Anglo-French Relations 1904 - 1945 - HIST6035

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Module delivery information

This module is not currently running in 2024 to 2025.


The diplomatic relationship between Britain and France in the first half of the twentieth century can be seen as a marriage of convenience. Not natural historical allies, the British and French governments were forced increasingly to work together to combat the tensions in Europe that led to the outbreak of the First and Second World Wars.

This module explores the love-hate relationship between the two countries in tracing the origins of the Entente Cordiale, and by addressing some of the major historiographical debates in twentieth century international history. Lectures will provide students with an overview of these debates and the topics listed below, and seminars will encourage students to consider their understanding of these areas and critically engage with them through discussion.

Themes explored will typically include, imperialism, political reform and its impact on foreign policy formation, democratisation, the rise of nationalism, peacemaking at the end of the two world wars; the Ruhr Crisis, the Treaty of Locarno, the League of Nations; the Kellogg Briand Pact; the Briand Plan; the Geneva disarmament conferences of the late 1920s/early 1930s; Eastern Europe and Russia; different strategies to deal with the rise of Hitler; the fall of France, the rise of Vichy; the secret war; the outbreak of the Cold War.


Contact hours

Total contact hours: 30
Private study hours: 270
Total study hours: 300

Method of assessment

Main assessment methods
Essay 1 3000 words 16%
Essay 2 3000 words 16%
Presentation 15 minutes 4%
Seminar Performance 4%
Exam 2 hours 60%

Reassessment methods
Reassessment Instrument: 100% coursework

Indicative reading

The University is committed to ensuring that core reading materials are in accessible electronic format in line with the Kent Inclusive Practices. The most up to date reading list for each module can be found on the university's reading list pages:

See the library reading list for this module (Canterbury)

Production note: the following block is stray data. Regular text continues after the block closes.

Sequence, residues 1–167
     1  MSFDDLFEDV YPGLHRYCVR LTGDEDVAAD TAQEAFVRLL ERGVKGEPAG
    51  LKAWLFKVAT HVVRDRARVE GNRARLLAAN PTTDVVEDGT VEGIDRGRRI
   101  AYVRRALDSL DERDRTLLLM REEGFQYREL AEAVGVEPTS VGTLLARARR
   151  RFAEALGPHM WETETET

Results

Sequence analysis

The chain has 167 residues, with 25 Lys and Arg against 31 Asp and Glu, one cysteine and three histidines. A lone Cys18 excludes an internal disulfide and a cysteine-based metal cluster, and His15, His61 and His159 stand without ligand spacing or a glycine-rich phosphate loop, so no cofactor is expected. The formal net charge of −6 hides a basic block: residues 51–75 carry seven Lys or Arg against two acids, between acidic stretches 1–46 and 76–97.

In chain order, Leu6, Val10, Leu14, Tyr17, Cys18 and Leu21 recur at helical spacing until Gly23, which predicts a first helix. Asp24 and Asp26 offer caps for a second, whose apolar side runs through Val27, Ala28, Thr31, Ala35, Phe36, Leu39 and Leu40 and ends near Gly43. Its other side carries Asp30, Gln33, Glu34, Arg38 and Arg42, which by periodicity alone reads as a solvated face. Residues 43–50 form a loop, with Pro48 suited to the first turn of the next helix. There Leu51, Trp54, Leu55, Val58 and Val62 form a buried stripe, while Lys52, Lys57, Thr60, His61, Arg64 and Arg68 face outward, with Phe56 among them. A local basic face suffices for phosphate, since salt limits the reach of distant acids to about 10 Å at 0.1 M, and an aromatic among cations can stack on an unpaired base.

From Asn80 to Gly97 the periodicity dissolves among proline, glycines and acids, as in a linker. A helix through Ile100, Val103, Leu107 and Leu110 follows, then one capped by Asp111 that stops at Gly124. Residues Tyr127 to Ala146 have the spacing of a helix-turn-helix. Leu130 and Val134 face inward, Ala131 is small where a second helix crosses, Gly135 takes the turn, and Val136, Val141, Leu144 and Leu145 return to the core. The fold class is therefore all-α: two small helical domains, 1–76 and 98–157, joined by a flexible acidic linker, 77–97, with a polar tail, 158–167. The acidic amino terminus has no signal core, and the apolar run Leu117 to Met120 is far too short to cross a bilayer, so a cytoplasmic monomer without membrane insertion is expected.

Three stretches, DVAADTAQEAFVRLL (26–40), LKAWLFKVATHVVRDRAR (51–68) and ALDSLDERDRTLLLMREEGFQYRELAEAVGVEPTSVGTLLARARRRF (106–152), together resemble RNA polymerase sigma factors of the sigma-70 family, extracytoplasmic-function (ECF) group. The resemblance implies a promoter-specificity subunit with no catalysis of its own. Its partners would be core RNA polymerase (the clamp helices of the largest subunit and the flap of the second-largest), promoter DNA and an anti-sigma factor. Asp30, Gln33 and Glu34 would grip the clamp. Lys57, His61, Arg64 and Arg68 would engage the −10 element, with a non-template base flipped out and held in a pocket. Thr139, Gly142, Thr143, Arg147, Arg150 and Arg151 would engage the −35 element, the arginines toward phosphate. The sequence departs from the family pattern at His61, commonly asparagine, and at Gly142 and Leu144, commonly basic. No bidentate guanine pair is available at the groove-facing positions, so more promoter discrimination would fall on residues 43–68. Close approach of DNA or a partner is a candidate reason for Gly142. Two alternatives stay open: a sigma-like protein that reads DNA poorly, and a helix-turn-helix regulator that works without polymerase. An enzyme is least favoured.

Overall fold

Learning outcomes

The intended subject specific learning outcomes
By the end of this module, level 6 students will have:
1 Gained a sophisticated understanding of the relationship between Britain and France between 1904 and 1945. They will be able to identify, analyse and discuss the nature of this relationship and how it had a bearing on other European countries.
2 Gained a detailed knowledge of the operation of European diplomacy in the first half of the twentieth century.
3 Gained a working knowledge of some key concepts in diplomatic theory, for example, balance of power diplomacy, crisis diplomacy.
4 Challenged received wisdoms about the apparent advantages of being on the winning side at the end of a war.
5 Obtained the skills to think critically and analytically; be able to write prose that shows insight into the issues discussed using a combination of primary and secondary sources; be able to use the scholarly apparatus of referencing and construction of a bibliography accurately.

The intended generic learning outcomes
By the end of this module, level 6 students will have:
1 enhanced their ability to express complex ideas and arguments orally and in writing, skills which can be transferred to other areas of study and employment
2 enhanced communication, presentational skills and information technology skills
3 demonstrated the acquisition of an independent learning style when engaging with the course content, for example in the preparation and presentation of course work, in carrying out independent research, in compiling bibliographies and other lists of research materials, by showing the ability to reflect on their own learning and by mediating complex arguments in both oral and written form
4 acquired the ability to approach problem solving creatively, and form critical and evaluative judgments about the appropriateness of these approaches
5 gained the ability to present the outcomes of the research and learning in a form appreciable by both specialist and non-specialist audiences in a variety of settings and contexts


  1. ECTS credits are recognised throughout the EU and allow you to transfer credit easily from one university to another.
  2. The named convenor is the convenor for the current academic session.
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